The six players mentioned leave a big hole in the Richmond side, so often praised for its depth. As the Tigers won the 2017 flag, their reserves team was also playing finals. They had a strong second unit to draw from to bolster the ranks as they powered to the flag. With this exodus, those ranks are thinning.

However, the glaring positive amongst all this is the addition of Tom Lynch. Proclaimed by Dermott Brereton as “the best player in the AFL” at the beginning of 2017, Lynch was coming off 66 goals for the Gold Coast in 2016, and looked set to take the competition by the throat.

But something happened on the way to that predicted dominance. The form wasn’t there in 2017 to back up that statement by Derm, and Lynch, battling through injury and uncertainty, managed just 64 goals from the next two years.

Tom Lynch goal tallies

Granted, Lynch was playing in a team that was, at times, non-competitive, winning just 10 of their 44 games in 2017/18. Of those 10 wins, Lynch played in nine. They were a better team with him on the park, but they just weren’t very good – with or without him. As the ‘Tom Lynch saga’ dragged on through the 2018 season, made worse by both Gold Coast’s insistence of Lynch declaring his intentions, and Lynch’s boneheaded idea to hang out in Melbourne with officials from other clubs, Lynch’s season was declared over. As word of his impending departure from the Suns spread, he was stripped of the club captaincy – a position he probably should never have accepted.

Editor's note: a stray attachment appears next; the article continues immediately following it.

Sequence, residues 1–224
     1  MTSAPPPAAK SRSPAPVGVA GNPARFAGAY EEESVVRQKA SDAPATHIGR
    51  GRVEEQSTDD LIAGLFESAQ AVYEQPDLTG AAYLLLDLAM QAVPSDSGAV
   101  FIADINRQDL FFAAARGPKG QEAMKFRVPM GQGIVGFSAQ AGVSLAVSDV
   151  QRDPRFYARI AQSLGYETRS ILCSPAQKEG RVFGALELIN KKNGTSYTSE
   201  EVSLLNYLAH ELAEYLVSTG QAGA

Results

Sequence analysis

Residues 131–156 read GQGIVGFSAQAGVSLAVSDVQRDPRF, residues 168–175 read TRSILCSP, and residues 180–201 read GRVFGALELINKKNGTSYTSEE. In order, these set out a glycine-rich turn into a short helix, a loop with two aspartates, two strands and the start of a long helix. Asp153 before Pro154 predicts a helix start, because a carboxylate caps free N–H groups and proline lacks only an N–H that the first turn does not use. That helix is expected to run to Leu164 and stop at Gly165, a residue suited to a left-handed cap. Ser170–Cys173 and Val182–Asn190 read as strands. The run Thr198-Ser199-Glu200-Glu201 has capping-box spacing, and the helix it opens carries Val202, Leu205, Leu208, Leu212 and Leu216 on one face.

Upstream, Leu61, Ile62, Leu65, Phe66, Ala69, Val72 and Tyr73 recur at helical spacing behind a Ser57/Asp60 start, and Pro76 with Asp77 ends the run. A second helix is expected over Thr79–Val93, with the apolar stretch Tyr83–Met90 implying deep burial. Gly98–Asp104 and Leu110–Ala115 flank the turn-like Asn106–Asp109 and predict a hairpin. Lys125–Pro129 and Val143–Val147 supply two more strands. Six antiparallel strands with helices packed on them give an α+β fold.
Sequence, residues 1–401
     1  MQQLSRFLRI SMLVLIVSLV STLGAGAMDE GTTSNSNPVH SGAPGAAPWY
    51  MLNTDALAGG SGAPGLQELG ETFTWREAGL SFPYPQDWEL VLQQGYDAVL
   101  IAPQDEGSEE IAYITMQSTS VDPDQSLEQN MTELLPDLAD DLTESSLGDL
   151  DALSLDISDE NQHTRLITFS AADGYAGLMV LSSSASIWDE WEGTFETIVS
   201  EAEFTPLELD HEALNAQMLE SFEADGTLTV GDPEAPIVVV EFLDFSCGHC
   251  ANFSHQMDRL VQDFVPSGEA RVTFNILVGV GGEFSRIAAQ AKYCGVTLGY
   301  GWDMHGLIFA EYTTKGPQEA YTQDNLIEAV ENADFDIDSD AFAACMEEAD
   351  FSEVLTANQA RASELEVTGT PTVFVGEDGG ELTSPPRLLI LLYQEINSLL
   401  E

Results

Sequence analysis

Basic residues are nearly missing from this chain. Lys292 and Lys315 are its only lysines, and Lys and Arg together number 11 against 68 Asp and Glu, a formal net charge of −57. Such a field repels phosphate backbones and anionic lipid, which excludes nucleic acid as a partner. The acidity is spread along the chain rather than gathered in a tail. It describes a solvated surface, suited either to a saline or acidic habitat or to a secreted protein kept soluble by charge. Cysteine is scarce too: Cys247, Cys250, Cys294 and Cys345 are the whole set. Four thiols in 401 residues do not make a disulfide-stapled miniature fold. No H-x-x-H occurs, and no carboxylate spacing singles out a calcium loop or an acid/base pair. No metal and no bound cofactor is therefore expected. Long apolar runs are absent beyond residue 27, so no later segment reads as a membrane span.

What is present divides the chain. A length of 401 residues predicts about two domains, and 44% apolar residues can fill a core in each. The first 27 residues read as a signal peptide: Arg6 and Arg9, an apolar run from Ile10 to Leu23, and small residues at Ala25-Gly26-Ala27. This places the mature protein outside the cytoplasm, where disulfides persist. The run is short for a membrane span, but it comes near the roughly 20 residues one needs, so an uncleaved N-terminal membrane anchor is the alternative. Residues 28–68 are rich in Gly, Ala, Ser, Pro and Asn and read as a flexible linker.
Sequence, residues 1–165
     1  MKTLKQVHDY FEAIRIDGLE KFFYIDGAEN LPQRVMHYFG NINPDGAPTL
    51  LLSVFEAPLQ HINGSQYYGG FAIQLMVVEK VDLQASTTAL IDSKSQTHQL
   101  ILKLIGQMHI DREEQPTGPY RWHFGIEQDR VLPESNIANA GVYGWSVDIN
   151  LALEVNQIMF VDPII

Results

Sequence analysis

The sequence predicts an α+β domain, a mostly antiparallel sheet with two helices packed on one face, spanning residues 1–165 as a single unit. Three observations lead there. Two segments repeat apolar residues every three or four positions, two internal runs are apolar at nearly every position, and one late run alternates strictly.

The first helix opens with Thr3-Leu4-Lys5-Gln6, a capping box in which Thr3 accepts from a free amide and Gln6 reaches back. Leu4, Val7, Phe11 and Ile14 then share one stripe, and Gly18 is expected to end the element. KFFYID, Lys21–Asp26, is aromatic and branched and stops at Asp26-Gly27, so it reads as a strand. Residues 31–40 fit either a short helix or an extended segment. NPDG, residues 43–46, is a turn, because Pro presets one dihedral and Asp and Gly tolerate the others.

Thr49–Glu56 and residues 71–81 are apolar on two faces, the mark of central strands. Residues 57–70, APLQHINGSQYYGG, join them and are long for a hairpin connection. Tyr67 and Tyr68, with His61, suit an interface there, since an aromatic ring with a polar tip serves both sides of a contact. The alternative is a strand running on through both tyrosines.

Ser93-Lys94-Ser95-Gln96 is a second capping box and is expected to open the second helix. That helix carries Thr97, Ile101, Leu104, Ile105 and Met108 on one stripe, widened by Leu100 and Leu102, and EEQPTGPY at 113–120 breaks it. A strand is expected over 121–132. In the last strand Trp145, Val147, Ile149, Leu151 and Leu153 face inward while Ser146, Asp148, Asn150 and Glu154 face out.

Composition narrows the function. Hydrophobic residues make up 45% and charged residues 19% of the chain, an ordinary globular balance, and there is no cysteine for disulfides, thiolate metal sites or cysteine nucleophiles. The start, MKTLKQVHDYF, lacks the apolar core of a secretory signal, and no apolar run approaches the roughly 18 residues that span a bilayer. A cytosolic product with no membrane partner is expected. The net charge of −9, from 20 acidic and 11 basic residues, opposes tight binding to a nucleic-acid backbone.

The problem here for Richmond is that bringing Lynch in, albeit on less money he could’ve commanded elsewhere, sends a sign to those bottom eight or nine players on this list. The Tigers are looking to improve, as are all clubs, but they’re looking to do it without YOU as part of their plans. It is an action that prompts a reaction.

The possible exodus from Tigerland isn’t just a matter of players switching clubs. No, no… it’s a matter of a team fabric tearing and having to be mended. Luckily for the Tigers, it seems as only the edges are fraying.